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As bird migration gathers pace across the Mediterranean, BirdLife Malta has voiced its anger at the despicable actions of illegal hunters who are shooting protected birds right in front of international and Maltese birdwatchers who are participating in BirdLife Malta’s Raptor Camp.
A pale-phase juvenile Honey buzzard was recovered by police from Wied iz-Zurrieq at sea on Thursday. The internal gunshot injuries were so severe that the bird had to be put down. This morning BirdLife received another shot Honey buzzard with gun shot injuries while ALE officers collected a third shot Honey Buzzard from Laferla Cross where a Raptor Camp team was present.
In addition, this afternoon four poachers in a boat in the Gozo channel have been seen shooting at a party of Little Egrets. The sea hunting season is currently closed and will open in October.
The increasing number of incidents coincides with the half-way point of BirdLife Malta’s Raptor Camp, which started on Saturday. The aim of the initiative is to have teams of birdwatchers monitoring key sites to assess the numbers of birds passing through the island and to work with the authorities to clamp down on illegal hunting.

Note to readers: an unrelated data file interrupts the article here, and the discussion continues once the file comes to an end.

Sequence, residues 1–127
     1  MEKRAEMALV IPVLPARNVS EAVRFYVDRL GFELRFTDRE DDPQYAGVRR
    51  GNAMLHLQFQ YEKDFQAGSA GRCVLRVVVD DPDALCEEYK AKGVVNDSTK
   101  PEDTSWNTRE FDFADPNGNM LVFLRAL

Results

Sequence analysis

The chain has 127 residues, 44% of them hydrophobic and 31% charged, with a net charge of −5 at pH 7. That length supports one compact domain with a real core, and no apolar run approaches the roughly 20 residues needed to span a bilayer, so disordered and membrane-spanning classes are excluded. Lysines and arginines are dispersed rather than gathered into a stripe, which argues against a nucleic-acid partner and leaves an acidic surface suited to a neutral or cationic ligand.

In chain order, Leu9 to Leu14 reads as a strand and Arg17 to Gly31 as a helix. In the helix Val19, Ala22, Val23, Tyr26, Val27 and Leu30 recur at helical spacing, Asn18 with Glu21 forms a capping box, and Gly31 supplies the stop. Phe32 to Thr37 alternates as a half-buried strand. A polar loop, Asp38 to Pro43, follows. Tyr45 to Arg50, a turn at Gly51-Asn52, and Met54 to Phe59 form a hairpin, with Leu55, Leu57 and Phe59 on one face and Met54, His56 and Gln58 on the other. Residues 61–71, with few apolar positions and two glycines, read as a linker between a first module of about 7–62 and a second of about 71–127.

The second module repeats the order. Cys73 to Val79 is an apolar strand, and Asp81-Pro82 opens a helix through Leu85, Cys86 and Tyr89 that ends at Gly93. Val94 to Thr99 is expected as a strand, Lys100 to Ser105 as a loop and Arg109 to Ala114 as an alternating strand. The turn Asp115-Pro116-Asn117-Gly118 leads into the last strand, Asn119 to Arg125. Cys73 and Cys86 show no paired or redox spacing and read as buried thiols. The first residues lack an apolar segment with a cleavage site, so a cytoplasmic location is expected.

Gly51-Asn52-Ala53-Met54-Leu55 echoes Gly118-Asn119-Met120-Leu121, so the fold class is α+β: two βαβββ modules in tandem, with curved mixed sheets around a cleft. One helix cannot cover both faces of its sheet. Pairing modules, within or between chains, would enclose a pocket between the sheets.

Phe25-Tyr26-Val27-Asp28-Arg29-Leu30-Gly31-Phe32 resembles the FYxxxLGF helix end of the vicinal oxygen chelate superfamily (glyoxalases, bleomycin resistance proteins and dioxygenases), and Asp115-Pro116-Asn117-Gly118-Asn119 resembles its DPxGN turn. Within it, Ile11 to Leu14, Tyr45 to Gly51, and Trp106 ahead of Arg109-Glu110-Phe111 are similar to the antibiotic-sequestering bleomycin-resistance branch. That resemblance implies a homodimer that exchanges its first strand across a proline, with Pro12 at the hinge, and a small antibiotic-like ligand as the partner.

Tolga Temuge, the Executive Director of BirdLife Malta, said: “Typically, some Maltese hunters continue to display a disregard of the law and protected wildlife by opting to gun down protected species. The hunting lobby’s denial of the scale of illegal hunting is clearly encouraging illegal hunters. Those who claim to be law abiding hunters are also guilty if they do not report the illegal shooting of protected species that they witness.”
BirdLife Malta expressed its suspicion that the illegal killing of protected birds will rise rapidly over the next few days as the numbers of birds passing through increases. The conservation organization called on the government to double the fines for repeat offenders and cancel the licenses temporarily.
Photo on right – Pale Morph juvenile Honey Buzzard handed over to BirdLife Malta by the A.L.E. on the 18th September 2008. The bird was examined by an independent vet on the same day and put down after it started vomiting blood. This species is protected under LN 79 of 2006 Annex 1. Photo by BirdLife Malta
Photo on left – Juvenile Honey Buzzard given to BirdLife Malta by a member of the public on the 19th September 2008. The bird has a minimum of 4 entry wounds from shotgun pellets. This species is protected under LN 79 of 2006 Annex 1. Photo by BirdLife Malta